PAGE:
If it’s truly a matter of finding the right dose (he clearly had too much this last time) then I hope it happens quickly.


    • Kim
      Kim says:

      I think the fact that the Chinese “copy” technological innovations isn’t the point. Many countries attempt to “copy” from other countries. China happens to be one of the only countries that does it right. I think that’s what makes the Chinese stand out, their ability to emulate so successfully.

      I agree, there is really no reason a child should step into a classroom until late middle to high school. However, it begs the question of why classrooms are needed at all.

      It’s sad that this is what’s happening to boys, when so much is expected from them by society when they get older. I’m seeing more and more boys become unattached vegetables.

  6. Andrew M.
    Andrew M. says:

    Agree on the conclusion (“ghetto of the 21st Century…”)…

    Both my kids have attended Waldorf (one still does). There is a lot to like. The earlier grades are very home-based. Cooking takes up a good chunk of the morning in kindergarten…Teachers wear aprons.

    Waldorf is anti-technology…you aren’t supposed to have any TV or video games at home. I think of “liberal” Waldorf schools as the ones where everyone kinds of winks at stuff like this. There are two kids on our school bus who play their violent video games all the way into the parking lot…(not just Candy Crush).

    All of this anti-technology rhetoric has the effect of making everyone very hypocritical. Kids gather on the playground to talk about TV shows in hushed whispers, afraid to get busted.

    Waldorf is also deeply into rote learning – kids copy handwriting (they all have beautiful handwriting) and similar.

    The heart of Waldorf, for me, are the beautiful hand-illustrated research/project books the kids create…and the supremely dedicated teachers.

    Which is where I’d place the bulk of Waldorf’s success: hugely dedicated (and smart) teachers operating in a culture where families care about education. All the research shows that a killer-great teacher is worth 3 mediocre ones.

    So it almost (within reason) doesn’t matter on the pedagogy…small classes, great teachers, caring families…lots of natural, unrushed work…BOOM!

    Which is a way of bringing this back to homeschooling: how many of us can be rockstar teachers to an 8 year old? A 14 year old?

  7. Frank
    Frank says:

    I have to disagree with the description of Waldorf schools that Penelope highlights.

    We just pulled out our kid after one year of kindergarten at one. The open play was very limited in duration and even then the activities were limited. But saying that, it’s still a far cry from public ed, which in our area has cut out open play from all K4 & K5 and very limited recess (as in if you gobble down your lunch quickly, you can go lean on a wall and chat outside for 15).

    To state that the children play non-stop until 3rd grade is untrue, perhaps the Chinese Waldorfs are different? They follow a standardized curriculum here in the states (w flexibility built in, but standardized none the less). In 1-8th grade, the only open play is during recess. And it is rote memory & regurgitation (but granted it is nothing at all like public schools) and the whole class is lead from activity to activity, there are no options for self directed activities at all.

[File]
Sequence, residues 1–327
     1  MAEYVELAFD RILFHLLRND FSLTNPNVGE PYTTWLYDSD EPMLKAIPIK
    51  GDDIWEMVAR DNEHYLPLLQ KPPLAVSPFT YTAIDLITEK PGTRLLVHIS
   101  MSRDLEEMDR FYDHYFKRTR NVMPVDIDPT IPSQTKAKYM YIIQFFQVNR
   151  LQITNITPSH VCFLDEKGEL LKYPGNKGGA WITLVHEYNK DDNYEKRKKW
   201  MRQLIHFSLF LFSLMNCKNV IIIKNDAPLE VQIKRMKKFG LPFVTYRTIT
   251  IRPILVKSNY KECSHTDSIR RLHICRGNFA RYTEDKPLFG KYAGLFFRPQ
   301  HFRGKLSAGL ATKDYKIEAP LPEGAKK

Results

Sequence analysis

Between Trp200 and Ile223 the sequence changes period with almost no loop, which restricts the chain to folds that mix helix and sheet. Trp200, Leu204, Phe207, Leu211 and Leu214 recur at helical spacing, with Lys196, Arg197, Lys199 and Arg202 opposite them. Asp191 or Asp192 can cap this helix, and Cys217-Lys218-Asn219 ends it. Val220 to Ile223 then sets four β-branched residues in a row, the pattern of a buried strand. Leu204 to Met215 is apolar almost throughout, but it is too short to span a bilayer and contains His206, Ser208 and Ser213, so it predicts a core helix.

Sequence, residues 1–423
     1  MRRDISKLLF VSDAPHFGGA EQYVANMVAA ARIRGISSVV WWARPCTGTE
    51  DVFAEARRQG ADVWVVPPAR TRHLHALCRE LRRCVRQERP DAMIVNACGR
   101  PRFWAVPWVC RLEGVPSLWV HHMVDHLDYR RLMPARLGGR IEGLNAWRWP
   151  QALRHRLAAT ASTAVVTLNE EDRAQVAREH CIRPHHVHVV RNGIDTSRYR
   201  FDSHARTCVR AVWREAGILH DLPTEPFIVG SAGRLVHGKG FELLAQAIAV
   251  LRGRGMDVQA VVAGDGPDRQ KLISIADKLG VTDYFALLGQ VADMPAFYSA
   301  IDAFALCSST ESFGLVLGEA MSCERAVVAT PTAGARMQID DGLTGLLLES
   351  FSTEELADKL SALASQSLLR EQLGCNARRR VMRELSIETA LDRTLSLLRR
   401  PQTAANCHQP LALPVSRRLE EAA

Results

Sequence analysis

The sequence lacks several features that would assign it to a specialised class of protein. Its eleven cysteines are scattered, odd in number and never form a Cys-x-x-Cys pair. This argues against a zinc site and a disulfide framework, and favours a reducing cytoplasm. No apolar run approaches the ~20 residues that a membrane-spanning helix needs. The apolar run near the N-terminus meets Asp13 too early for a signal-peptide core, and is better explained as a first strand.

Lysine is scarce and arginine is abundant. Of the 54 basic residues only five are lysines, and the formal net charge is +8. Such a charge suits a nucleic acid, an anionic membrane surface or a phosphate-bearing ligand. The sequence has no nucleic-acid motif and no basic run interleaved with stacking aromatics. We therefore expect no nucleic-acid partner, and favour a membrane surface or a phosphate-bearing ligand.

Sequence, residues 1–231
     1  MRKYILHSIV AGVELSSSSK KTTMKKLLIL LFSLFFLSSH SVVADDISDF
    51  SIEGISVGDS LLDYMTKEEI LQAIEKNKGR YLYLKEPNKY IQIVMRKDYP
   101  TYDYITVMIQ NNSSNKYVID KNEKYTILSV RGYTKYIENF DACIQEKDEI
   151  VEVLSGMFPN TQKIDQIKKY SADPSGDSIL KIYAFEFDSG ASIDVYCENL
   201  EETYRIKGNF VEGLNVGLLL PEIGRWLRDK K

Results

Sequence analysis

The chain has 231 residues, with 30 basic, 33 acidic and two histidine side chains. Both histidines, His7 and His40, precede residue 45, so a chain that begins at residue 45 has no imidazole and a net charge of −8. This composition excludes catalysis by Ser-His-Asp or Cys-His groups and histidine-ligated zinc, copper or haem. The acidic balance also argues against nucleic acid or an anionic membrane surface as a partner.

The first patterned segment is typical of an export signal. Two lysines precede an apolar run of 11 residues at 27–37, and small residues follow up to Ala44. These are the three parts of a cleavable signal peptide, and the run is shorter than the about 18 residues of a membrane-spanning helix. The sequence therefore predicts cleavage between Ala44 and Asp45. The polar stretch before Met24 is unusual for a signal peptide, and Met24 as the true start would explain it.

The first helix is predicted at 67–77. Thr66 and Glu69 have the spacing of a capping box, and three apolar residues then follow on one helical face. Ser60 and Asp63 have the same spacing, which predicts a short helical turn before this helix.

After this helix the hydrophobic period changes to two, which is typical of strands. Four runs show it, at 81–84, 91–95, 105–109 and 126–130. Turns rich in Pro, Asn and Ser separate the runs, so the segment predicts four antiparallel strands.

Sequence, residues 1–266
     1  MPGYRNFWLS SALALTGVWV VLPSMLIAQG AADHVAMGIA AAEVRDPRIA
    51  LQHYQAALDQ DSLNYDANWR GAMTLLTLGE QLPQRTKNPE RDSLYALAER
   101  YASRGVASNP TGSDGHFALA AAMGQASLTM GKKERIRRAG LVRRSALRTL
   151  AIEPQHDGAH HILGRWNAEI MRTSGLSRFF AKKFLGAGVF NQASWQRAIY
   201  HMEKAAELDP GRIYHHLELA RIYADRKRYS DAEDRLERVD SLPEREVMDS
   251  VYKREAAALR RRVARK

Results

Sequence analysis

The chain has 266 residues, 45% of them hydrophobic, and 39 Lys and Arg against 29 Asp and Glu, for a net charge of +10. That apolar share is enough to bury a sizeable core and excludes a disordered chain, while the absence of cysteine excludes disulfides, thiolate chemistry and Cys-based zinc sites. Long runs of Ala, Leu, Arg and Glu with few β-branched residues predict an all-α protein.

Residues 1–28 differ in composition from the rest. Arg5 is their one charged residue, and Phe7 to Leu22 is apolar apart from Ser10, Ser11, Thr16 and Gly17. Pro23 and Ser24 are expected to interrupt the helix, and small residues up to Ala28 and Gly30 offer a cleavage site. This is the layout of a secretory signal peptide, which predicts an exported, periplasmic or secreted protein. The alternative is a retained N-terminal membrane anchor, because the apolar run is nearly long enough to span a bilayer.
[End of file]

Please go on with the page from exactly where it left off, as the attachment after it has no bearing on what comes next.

Montessori is the school system that is based on self directed learning. But a very, very limited rendition of self directed education (the standard public school curriculum done at your own pace with far less work sheets) – nothing creative or inventive about it, all self limiting (as in only one correct way to do the activity).

    I do have respect for both those types of schools, they’re doing a lot right… sometimes I think of them as an idealized version of the public school system. But frankly, I don’t necessarily mean that as a complement. They may not be soul crushing, but they certainly do not foster passion and do ultimately simply reward jumping through hoops.

    We took great financial risks to start homeschooling and so far haven’t looked back.

  8. Elizabeth
    Elizabeth says:

    Chinese students have only one option to get into university: the exam (gaokao) which will determine their entire future. Anyone with enough money in China sends their kids abroad to escape the system. Those who don’t have the cash are looking into other options, like Waldorf. However this means their children will not be able to succeed within the Chinese university system as it currently stands. Their only options lie overseas – or as charismatic, renegade entrepreneurs (because, as in the US, wealth earns more respect than degrees) within China.

    The Waldorf people here are mostly foreign-educated or quite cosmopolitan. Their children sometimes have foreign passports so are not eligible for local schools. All these families are the exception and not really a trend anywhere in the country aside from a tiny bohemian percentage of the upper-middle-class.

  9. Daniel Baskin
    Daniel Baskin says:

    Short and sweet. Maximum impact in minimal words.

    (Also, there’s a typo in your 2nd to last sentence.)